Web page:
Termination of employment due to loss of trust and confidence
Loss of trust and confidence is among the just causes for termination of employment. Under Article 297(c) of the Labor Code, the grounds by which employment may be terminated are provided for, and among which is when there is a willful breach of the employee of the trust reposed in him by the employer or his duly authorized representative. Settled is the rule that breach of trust must be willful, i.e. when it is done intentionally and knowingly without any justifiable excuse, as distinguished from an act done carelessly, thoughtlessly or inadvertently [See: G.R. No. 181852].
This ground for dismissing employees, however, is prone to abuse, considering that trust and confidence is a state of mind that any employer may easily claim to have been lost even by reason of the most trivial matters. Therefore, in order for employers not to abuse this ground for termination of employment, certain standards have to be complied with. When termination based on this ground does not comply with said standards, loss of trust and confidence cannot be validly considered, and the employer may be held liable for illegal dismissal, which would certainly be costly on the part of the employer.
When is there loss of trust and confidence?
There is loss of trust and confidence when (1) the employee is holding a position of trust and confidence; and (2) there is an act that would justify the loss of trust and confidence [G.R. No. 198620].
D.O. No. 147-15 issued by the Department of Labor and Employment (“DOLE”) also sets additional standards that need to be met before loss of trust and confidence may be legally recognized as a just cause for termination, which are:
- There must be an act, omission or concealment on the part of the employee concerned.
- The act, omission or concealment justifies the loss of trust and confidence of the employer to the employee.
- The employee concerned must be holding a position of trust and confidence.
- The loss of trust and confidence should not be simulated.
- It must be genuine and not a mere afterthought to justify an earlier action taken in bad faith.
Law and jurisprudence have long recognized the right of employers to dismiss employees by reason of loss of trust and confidence. More so, in the case of supervisors, managers, or personnel occupying positions of responsibility, loss of trust justifies termination. Loss of confidence as a just cause for termination of employment is premised from the fact that an employee concerned holds a position of trust and confidence. This situation holds where a person is entrusted with confidence on delicate matters, such as the custody, handling, or care and protection of the employer’s property. But, in order to constitute a just cause for dismissal, the act complained of must be “work-related” such as would show the employee concerned to be unfit to continue working for the employer [G.R. No. 149433].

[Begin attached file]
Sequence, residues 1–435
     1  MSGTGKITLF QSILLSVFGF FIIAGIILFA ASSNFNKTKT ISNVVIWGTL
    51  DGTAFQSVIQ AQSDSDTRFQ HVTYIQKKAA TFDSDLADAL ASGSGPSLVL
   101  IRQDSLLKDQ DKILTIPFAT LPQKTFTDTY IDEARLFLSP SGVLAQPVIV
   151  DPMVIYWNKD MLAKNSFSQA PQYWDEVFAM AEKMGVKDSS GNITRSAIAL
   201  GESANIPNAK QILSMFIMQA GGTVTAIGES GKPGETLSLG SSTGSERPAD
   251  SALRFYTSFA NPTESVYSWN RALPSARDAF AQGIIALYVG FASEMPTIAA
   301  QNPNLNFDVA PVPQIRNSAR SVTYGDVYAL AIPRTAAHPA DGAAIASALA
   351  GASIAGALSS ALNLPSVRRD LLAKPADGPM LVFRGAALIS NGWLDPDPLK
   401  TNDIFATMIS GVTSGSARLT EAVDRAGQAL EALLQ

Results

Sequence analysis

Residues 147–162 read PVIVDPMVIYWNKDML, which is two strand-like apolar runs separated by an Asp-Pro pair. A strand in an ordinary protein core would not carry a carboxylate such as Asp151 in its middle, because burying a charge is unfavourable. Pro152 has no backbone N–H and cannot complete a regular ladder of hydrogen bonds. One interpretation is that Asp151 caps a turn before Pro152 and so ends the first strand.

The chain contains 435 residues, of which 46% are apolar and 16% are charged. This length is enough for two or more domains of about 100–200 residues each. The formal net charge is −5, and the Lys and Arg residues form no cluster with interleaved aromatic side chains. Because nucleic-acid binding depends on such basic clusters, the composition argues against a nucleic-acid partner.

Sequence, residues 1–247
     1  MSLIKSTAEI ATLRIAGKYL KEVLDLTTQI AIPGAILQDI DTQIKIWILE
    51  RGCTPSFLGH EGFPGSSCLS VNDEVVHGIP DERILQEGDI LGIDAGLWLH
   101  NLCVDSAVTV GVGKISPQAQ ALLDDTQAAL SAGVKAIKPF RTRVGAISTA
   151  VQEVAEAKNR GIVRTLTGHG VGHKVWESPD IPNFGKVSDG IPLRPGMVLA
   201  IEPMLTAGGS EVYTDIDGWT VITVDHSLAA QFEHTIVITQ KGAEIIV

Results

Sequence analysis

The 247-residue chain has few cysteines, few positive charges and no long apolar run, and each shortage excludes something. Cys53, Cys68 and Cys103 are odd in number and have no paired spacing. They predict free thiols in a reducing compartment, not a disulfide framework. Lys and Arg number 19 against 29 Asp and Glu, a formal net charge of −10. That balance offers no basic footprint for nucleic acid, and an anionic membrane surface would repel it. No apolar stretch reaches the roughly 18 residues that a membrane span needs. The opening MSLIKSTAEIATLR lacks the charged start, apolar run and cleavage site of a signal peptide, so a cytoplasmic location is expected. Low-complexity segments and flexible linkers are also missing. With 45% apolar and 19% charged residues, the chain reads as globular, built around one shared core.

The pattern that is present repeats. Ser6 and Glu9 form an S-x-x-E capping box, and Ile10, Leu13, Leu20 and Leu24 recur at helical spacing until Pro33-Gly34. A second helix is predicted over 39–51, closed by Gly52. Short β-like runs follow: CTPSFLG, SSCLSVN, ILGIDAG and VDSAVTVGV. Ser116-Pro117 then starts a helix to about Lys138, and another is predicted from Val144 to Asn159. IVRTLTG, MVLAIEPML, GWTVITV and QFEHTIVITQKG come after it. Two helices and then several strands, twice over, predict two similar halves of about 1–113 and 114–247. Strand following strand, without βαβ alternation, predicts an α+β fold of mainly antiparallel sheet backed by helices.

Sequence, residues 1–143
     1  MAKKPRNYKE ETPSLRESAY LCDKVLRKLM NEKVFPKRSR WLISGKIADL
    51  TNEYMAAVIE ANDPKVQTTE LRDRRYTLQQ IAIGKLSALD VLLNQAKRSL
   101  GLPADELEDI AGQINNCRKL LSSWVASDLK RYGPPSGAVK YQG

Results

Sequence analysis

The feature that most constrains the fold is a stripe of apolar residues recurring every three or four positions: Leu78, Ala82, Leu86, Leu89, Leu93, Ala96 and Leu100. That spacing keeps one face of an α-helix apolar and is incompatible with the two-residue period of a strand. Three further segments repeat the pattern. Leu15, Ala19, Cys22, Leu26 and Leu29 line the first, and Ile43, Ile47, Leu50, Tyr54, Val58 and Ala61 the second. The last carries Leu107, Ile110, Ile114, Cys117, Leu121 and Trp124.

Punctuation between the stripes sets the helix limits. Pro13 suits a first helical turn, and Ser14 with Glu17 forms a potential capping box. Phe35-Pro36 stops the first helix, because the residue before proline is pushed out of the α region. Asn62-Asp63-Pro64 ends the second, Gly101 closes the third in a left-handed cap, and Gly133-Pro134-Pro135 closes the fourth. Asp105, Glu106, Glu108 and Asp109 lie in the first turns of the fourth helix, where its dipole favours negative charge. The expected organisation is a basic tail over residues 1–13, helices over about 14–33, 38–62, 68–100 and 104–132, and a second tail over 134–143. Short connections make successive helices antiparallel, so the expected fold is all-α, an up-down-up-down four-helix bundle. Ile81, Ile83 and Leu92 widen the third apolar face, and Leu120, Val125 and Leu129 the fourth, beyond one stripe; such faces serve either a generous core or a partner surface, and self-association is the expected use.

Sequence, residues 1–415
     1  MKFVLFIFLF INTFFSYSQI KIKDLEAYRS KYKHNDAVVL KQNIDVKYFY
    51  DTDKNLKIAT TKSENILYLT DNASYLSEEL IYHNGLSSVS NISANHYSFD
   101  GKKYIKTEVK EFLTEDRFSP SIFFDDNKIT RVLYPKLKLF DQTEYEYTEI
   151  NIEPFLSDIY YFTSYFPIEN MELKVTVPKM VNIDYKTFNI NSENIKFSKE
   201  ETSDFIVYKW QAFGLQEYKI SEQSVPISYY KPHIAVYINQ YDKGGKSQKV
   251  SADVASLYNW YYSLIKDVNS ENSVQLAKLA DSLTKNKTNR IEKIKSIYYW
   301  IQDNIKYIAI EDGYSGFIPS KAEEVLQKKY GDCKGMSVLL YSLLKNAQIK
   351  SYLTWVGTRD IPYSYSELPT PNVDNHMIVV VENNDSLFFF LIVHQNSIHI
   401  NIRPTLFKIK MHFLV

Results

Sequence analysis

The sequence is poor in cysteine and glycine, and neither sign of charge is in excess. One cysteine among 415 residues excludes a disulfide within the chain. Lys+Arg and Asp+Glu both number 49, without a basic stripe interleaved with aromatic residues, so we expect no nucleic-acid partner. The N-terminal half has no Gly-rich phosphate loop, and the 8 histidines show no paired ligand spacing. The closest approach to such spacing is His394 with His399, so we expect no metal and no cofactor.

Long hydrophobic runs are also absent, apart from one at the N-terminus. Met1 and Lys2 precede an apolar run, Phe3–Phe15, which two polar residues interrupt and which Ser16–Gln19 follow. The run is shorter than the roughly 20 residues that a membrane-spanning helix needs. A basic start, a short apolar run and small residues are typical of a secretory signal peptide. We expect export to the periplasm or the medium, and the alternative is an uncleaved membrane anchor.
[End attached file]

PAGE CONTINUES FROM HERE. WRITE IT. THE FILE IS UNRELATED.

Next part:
Managerial or rank-and-file?
There is a distinction on the treatment of managerial employees from that of rank-and-file personnel insofar as the application of the doctrine of loss of trust and confidence is concerned [Ibid].
Thus, with respect to rank-and-file personnel, loss of trust and confidence as ground for valid dismissal requires proof of involvement in the alleged events in question, and that mere uncorroborated assertions and accusations by the employer will not be sufficient. But as regards a managerial employee, the mere existence of a basis for believing that such employee has breached the trust of his employer would suffice for his dismissal [Ibid].
Hence, in the case of managerial employees, proof beyond reasonable doubt is not required, it being sufficient that there is some basis for such loss of confidence, such as when the employer has reasonable ground to believe that the employee concerned is responsible for the purported misconduct, and the nature of his participation therein renders him unworthy of the trust and confidence demanded by his position [Ibid].
Due process requirement
Since loss of trust and confidence is among the just causes of termination of employment, two-notice rule in dismissing employees must be observed.
- The first written notice, which should contain the specific grounds for termination (loss of trust and confidence), a detailed narration of the facts and circumstances that serves as basis for the charge against the employee, and a directive that the employee is given the opportunity to submit a written explanation within a reasonable period, or 5 calendar days from receipt of the notice to give the employee an opportunity to study the accusation, consult or be represented by a lawyer or union officer, gather data or evidence on his behalf, and decide on his defenses against the complaint.
- As for the second written notice, after determining that termination of employment is justified, the employer shall serve the employee a written notice of termination indicating that all the circumstances involving the charge of loss of trust and confidence against the employee have been considered, and that loss of trust and confidence have been established to justify separation from employment.
Dismissal of an employee who breaches the employer’s trust is to the best interest not only of the management but also of labor. As a measure of self-protection against acts inimical to its interest, a company has the right to dismiss its erring employees. An employer cannot be compelled to continue employing someone who is guilty of acts inimical to the employer’s interest justifying loss of confidence in him [G.R. No. 190436].
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